The Q and A session followed. Two comments dealt with experiences shareholders had had with poor service at HD stores. One questioner expressed to Nardelli how it is difficult to apply concepts like 6-Sigma and "blackbelt" in the retail environment due to the human factors involved in retail as opposed to a manufacturing environment. A couple of shareholders were very concerned about the stock price, and one asked if he should sell his shares. Nardelli addressed these by apologizing for the poor experiences in the stores and stated how he himself did not totally understand the share price drop. He said that he was troubled by the market performance of the stock which he felt was due to "tradeout to the competitor" [I took that to mean institutions dumping HD stock and buying Lowes]. He was puzzled why this would occur with HD having $220 M in earnings in the most recent quarter vs. 120 M for LOW (he never mentioned them by name), higher dollars of sales per square foot than LOW, and a debt/equity ratio of 6 vs. 33 for LOW.
I remarked that I had seen in the annual report and heard on the latest conference call that days payable outstanding had increased from 23 days to 51 days over the last 15 months. I asked Nardelli if the company had had any resistance from its suppliers in regard to the longer payment terms, and if he expected DPOs to remain about the same or be higher or lower. He stated that HD had gotten together with their suppliers awhile back to discuss the subject of longer payment terms. HD made the case that the company paid quicker than its competitors. The industry standard was 60 days, and HD was going to begin paying terms more in line with the industry. After the "initial shock", suppliers apparently accepted the new payment terms without much pushback.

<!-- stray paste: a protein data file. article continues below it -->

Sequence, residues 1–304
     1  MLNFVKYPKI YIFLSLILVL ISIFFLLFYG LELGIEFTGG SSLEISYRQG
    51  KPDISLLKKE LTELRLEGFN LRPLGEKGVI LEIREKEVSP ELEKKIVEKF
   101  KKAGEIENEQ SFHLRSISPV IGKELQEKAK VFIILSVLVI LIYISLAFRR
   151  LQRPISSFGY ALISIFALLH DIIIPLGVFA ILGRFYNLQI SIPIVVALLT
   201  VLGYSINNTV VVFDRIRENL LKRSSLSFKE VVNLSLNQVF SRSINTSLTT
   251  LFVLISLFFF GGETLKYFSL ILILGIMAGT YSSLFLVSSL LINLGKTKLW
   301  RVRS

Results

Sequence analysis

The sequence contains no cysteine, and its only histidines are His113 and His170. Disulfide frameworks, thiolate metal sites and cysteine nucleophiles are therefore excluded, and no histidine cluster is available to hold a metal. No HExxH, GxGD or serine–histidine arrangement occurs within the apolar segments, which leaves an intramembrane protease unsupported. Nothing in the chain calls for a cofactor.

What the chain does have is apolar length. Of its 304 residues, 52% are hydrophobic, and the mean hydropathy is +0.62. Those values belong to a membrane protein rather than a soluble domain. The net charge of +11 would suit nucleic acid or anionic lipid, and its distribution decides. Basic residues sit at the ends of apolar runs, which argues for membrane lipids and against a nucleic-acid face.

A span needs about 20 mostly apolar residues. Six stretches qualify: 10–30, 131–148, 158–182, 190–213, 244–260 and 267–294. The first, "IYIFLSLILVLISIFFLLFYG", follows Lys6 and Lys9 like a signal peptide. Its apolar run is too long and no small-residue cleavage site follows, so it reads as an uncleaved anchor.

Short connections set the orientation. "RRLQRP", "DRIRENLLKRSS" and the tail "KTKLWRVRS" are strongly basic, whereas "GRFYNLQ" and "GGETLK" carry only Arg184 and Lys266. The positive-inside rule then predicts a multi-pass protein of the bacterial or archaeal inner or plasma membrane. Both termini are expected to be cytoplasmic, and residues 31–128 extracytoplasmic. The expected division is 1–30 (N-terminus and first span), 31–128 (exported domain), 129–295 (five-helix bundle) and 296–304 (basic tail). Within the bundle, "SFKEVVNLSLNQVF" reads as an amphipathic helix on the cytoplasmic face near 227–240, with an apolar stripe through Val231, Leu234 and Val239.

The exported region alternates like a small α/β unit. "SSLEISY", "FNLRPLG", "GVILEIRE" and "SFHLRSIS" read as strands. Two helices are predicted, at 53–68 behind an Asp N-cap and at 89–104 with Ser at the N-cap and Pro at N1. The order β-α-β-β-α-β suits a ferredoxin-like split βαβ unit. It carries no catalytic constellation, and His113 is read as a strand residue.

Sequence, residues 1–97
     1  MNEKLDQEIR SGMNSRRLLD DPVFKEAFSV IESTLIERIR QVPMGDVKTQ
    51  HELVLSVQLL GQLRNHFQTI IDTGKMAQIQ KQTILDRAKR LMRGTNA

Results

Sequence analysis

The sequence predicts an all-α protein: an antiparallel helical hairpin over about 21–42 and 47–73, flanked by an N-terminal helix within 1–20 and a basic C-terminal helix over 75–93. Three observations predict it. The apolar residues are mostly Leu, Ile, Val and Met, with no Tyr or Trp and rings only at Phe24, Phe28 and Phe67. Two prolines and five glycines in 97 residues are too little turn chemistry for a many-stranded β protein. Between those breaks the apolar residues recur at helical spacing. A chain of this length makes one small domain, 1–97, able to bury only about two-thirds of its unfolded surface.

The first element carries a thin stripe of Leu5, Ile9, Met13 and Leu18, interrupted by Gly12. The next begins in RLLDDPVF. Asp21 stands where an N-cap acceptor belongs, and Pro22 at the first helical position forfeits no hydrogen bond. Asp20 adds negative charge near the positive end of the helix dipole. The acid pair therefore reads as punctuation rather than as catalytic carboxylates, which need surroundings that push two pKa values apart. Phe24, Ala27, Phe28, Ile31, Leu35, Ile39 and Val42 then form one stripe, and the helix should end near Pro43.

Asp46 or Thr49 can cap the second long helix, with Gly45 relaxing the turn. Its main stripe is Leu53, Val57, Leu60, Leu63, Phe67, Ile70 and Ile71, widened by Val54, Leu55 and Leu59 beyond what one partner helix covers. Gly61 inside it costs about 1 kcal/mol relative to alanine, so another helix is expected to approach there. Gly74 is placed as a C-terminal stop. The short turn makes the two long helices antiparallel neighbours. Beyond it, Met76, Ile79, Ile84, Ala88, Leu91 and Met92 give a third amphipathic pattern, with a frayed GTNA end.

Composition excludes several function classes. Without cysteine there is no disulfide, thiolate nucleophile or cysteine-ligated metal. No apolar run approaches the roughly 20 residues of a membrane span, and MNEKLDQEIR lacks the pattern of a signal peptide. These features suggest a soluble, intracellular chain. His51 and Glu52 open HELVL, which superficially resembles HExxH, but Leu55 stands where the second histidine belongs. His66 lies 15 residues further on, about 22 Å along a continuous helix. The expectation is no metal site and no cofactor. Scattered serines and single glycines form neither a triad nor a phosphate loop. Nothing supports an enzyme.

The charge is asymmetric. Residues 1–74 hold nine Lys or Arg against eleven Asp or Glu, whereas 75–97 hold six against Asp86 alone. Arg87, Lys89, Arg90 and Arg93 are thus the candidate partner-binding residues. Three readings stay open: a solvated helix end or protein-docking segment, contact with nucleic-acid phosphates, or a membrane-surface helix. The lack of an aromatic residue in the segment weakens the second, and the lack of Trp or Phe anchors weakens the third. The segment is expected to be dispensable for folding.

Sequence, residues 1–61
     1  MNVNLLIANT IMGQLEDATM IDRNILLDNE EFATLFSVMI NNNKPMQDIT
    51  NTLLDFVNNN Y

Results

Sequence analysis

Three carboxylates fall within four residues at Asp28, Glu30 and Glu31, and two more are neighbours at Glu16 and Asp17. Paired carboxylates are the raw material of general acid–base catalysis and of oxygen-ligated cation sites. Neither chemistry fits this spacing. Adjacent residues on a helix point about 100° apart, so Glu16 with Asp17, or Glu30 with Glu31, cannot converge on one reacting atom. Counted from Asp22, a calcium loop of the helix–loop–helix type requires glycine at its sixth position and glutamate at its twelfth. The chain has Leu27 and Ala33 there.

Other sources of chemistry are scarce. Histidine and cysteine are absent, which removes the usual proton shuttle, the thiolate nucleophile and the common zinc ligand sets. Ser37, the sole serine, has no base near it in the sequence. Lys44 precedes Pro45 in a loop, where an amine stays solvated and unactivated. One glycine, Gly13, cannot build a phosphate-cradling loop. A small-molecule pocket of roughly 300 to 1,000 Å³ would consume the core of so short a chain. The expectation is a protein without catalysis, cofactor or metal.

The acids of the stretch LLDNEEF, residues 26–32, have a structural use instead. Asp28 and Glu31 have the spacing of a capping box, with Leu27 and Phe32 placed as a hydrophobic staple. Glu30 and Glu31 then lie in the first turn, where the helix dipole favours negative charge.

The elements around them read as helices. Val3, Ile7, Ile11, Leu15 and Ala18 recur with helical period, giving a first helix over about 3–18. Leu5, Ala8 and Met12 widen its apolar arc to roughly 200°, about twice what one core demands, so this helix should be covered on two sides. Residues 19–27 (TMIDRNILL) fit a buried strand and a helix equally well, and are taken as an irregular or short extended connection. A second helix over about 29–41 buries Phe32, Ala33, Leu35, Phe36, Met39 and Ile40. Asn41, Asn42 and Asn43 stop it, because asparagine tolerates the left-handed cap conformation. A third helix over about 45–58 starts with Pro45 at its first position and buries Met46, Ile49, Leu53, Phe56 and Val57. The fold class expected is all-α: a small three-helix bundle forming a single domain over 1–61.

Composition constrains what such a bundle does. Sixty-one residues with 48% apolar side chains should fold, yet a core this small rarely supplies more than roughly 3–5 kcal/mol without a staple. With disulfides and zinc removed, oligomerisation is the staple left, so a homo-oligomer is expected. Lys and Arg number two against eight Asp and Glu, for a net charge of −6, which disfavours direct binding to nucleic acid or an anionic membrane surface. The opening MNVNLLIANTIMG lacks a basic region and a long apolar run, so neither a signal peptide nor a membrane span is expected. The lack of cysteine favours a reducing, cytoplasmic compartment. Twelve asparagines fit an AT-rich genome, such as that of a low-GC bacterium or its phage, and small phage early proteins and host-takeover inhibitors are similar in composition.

Bernie Marcus, co-founder of HD, stepping down from the board at the mandatory retirement age of 72, was honored for his legacy and his years of service, and received a standing ovation. He spoke for a few minutes, and I will present some of his comments in a future post.
Nardelli finished off the meeting by presenting Hollywood producer Norman Lear, of "All in the Family", "Maude," "The Jeffersons," and "Good Times" fame. Lear bought one of the 25 or so signed copies of the Declaration of Independence, and Home Depot is sponsoring the tour of the document across America. The document, "unveiled" during the meeting, was available for viewing after the meeting, prior to it going on display at the Jimmy Carter Library for its first tour stop.
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Notes from the Annual Meeting (5-29-02) (no guarantees that everything here is 100% accurate):
Become a Complete Fool